I don’t know about you, but some of the most moving and mindblowing music I heard last year was Lament For Epirus, a collection of late 1920s recordings by the Greek violinist Alexis Zoumbas. Beautifully remastered from ancient 78s by collector Christopher King, Zoumbas’ deeply emotional playing sent me down the rabbit hole in search of more traditional Greek sounds — Rebetika, Marika Papagika — as well as recent, Greek-inspired albums by Rhyton and Xylouris White.

Writer Amanda Petrusich (author of the 2014’s highly recommended Do Not Sell At Any Price) was also captivated by Zoumbas’ music, and last summer traveled with King to the violinist’s homeland in northwestern Greece, a trip that resulted in her fantastic New York Times travelogue “Hunting for the Source of the World’s Most Beguiling Folk Music.” While Petrusich was taking notes, King and his partner Jim Potts were recording — and now we can hear what they heard, via two recently released discs on JSP Records. They’re both wonderful, suggesting that the Epirotic tradition that Zoumbas drew from all those decades ago is thriving.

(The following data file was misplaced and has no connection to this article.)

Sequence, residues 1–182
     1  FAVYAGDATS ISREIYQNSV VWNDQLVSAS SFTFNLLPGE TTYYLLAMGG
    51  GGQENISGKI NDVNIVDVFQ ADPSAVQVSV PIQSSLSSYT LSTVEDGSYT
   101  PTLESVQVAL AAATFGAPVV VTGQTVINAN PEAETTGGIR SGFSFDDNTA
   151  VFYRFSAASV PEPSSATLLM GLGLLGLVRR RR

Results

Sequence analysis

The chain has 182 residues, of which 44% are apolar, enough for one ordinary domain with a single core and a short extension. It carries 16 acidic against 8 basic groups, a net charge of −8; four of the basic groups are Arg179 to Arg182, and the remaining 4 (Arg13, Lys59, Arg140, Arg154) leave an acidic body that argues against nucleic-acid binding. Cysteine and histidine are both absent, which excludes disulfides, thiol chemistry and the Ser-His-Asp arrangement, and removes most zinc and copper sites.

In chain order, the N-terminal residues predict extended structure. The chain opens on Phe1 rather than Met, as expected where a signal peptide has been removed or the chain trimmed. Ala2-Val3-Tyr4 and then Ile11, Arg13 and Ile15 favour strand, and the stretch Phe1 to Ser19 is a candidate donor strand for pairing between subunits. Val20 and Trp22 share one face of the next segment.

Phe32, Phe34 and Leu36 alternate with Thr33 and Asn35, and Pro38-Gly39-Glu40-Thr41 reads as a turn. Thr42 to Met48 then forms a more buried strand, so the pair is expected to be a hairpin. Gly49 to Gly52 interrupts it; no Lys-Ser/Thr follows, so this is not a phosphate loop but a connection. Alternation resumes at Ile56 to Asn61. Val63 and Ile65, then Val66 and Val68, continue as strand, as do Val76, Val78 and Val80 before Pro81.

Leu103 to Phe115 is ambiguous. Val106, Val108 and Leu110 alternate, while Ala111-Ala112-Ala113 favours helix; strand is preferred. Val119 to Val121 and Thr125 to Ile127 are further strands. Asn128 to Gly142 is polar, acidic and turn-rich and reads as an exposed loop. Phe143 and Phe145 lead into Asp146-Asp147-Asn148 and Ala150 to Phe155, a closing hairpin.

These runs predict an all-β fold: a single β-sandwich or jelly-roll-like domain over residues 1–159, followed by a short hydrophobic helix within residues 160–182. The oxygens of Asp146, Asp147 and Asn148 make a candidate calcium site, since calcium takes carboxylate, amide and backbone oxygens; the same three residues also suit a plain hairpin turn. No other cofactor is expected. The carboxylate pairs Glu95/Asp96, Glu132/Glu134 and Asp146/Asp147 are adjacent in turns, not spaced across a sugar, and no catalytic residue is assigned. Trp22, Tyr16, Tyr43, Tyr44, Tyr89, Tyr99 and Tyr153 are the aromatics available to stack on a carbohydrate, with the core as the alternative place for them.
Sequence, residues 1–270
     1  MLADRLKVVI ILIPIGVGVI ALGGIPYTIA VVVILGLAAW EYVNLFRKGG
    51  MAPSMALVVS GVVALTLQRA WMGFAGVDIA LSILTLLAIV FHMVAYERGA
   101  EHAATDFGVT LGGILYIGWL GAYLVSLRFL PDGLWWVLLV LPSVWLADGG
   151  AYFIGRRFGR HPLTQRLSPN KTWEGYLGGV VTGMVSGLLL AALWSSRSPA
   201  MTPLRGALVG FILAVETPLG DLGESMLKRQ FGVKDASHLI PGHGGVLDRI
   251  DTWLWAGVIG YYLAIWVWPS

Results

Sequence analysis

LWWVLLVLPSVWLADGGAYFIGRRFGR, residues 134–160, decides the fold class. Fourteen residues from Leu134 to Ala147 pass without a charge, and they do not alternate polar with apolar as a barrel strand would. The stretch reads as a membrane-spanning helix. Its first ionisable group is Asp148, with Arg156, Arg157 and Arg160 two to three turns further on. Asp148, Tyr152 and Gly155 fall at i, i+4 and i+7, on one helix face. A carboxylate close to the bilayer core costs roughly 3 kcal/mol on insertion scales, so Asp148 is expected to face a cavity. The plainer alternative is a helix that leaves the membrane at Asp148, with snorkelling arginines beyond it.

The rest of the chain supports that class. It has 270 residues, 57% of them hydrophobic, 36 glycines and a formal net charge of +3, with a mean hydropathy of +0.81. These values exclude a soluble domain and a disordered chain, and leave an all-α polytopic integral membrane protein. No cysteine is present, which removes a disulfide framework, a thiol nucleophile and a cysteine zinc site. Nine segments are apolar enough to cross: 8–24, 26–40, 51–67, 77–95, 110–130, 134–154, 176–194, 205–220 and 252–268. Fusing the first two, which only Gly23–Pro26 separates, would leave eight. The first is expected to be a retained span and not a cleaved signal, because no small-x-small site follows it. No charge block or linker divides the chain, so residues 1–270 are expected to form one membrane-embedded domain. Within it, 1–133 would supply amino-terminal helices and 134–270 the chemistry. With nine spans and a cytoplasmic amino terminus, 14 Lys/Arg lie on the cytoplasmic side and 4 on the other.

What is this music? It certainly conjures up another, long-past time — but still, it’s almost frighteningly alive. Human. The groups presented here consist of clarinet, violin, the eight-stringed laouto (similar to an oud) and a percussive tambourine-like instrument called the defi. There’s a definite structure to the playing, but there’s also plenty of room for improvisation; there are times it makes me think of the adventurous stylings of Eric Dolphy. Other listeners might hear the distant echo of Sandy Bull‘s eccentric explorations. The players occasionally get pretty “out,” while remaining deeply rooted in Epirus’ pastoral landscape. As with Zoumbas, there’s an heavy sense of sadness and longing in every note. It’s a transformative, healing kind of melancholy, however — above all, this is ultimately joyous, life-affirming music. Take a listen. words / t wilcox

Yiannis Chaldoupis & Moukliomos :: Mirologi and Pogonisio